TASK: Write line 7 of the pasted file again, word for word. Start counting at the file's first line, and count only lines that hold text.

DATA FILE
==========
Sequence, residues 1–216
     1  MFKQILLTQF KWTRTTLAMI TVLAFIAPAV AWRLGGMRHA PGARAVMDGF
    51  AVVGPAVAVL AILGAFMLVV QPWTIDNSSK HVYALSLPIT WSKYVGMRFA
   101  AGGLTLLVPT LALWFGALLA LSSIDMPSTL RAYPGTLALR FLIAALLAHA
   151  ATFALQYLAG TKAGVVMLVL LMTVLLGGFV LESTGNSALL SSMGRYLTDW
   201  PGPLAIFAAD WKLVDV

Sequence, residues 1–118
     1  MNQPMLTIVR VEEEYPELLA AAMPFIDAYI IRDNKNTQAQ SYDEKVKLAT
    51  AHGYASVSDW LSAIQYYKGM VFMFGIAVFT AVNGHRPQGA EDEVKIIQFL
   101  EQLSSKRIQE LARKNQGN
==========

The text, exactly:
Sequence, residues 1–118